While the industry is made up of a wide variety and scale of players and obviously cannot completely eliminate environmental impacts such as truck traffic, the industry can be uniformly aggressive in pursuing best practices on well completion, surface water management and methane capture to improve air quality, Moniz added.
“I don’t seek the environmental footprint issue ending U.S. unconventional activity, but it’s certainly slowing down development of shale resources in some parts of the country,” Moniz said. “The more that oil and gas companies pick up the pace, the more beneficial it will be.”
The oil and gas industry also could do a better job of making the case for the United States to lift its ban on crude oil exports. Building this case involves integrating a complicated set of factors in a clear, transparent way, including the mix of oil feedstock and refinery capacity. The balance of exports and reimports and its effect in terms of product exports versus crude exports also has not been addressed in a clear way, Moniz said. Despite the surge in U.S. oil production in recent years, the United States still imports more than 5 million barrels of oil per day, and faces infrastructure issues in moving product from new geographies.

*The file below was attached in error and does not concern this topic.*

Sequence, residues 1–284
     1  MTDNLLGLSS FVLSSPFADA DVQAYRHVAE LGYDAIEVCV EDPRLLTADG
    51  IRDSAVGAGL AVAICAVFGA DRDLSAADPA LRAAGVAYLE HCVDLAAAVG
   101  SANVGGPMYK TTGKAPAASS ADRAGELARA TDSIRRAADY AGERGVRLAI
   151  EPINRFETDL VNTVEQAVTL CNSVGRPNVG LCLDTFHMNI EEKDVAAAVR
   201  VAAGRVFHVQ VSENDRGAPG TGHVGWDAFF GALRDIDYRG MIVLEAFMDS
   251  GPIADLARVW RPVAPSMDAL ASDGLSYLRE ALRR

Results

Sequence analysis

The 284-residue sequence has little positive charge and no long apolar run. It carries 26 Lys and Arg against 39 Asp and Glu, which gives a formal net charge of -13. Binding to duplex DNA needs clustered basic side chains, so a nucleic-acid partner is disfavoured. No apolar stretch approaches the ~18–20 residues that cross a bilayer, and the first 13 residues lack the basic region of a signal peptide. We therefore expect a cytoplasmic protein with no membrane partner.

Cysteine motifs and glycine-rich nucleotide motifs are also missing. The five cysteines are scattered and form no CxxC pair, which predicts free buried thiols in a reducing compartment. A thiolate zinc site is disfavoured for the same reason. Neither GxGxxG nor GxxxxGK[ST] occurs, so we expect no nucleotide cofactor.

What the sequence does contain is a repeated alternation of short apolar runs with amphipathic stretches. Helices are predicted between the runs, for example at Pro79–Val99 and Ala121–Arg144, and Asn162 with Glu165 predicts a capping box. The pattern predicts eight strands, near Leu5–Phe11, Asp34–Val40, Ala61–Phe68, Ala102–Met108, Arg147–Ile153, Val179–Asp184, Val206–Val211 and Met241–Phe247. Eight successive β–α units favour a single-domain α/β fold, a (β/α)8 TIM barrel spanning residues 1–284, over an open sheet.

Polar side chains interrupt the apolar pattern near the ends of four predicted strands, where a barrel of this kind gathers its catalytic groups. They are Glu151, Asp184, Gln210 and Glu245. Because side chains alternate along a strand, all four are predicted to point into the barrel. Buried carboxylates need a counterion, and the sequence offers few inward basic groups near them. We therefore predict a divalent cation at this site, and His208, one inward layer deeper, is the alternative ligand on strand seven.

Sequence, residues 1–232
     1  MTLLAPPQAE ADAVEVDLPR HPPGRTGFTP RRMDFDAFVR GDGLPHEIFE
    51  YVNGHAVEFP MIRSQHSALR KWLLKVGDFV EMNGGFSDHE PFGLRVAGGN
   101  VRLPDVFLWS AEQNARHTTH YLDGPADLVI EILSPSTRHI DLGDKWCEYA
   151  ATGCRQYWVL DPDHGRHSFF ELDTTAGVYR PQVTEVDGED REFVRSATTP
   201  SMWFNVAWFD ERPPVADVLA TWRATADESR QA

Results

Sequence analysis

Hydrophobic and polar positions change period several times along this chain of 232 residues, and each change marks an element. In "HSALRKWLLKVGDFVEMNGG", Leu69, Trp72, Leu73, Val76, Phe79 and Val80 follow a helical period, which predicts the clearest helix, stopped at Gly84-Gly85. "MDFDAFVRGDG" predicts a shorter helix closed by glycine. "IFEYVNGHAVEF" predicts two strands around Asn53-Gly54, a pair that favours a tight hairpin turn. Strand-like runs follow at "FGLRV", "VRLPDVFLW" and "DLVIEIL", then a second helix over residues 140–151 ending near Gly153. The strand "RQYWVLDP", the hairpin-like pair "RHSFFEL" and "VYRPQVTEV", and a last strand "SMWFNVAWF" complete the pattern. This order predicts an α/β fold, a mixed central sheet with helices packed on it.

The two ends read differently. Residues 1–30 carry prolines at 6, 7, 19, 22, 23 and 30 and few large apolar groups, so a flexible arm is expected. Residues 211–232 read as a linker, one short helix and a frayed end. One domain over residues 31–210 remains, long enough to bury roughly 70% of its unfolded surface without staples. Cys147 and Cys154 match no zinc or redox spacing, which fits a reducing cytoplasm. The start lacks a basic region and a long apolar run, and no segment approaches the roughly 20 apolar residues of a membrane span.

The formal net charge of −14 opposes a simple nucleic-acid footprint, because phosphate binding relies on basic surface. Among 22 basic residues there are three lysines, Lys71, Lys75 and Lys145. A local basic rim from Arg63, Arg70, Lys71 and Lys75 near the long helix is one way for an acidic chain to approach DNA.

DOE has never set a limit on the amount of LNG that would be allowed for export. The agency has not yet reached the 12 billion cubic feet per day (12 Bcf/d) level used in its economic analysis of LNG exports. While the amount of time between applications varies somewhat, the process itself takes time, given that each application is “pretty” voluminous in terms of comments. To date, one license has received both FTA and non-FTA approval.
Despite the project approvals to date, the molecules “won’t flow for a while”, with optimistic estimates calling for first cargoes to leave the United States in 2017 to 2018, Moniz said. Currently, 35 Bcf/d of export project capacity is in DOE’s approval queue. Given market development and huge capital requirements for LNG export projects, it’s no secret that not all of the proposed projects will make it off the drawing board.
The U.S. unconventional oil and gas boom has granted the country a substantial competitive advantage that should last for some time, Moniz said. The United States not only has an advantage in terms of geography, but market structure and infrastructure.
“We want to see that developed,” said Moniz of the Obama administration.
The surge in shale gas production, which has resulted in low to moderate U.S. gas prices, has resulted in nearly $100 billion in investment in new U.S. manufacturing capacity, President Obama said during his State of the Union of address earlier this year. Moniz believes that the estimate is conservative, with investment actually in the $150 billion range.
“We will continue to support all fuel sources and advanced technologies across board even as we pursue allow carbon future,” Moniz said of President Obama’s “all of the above” energy strategy during a keynote presentation at CERAWeek.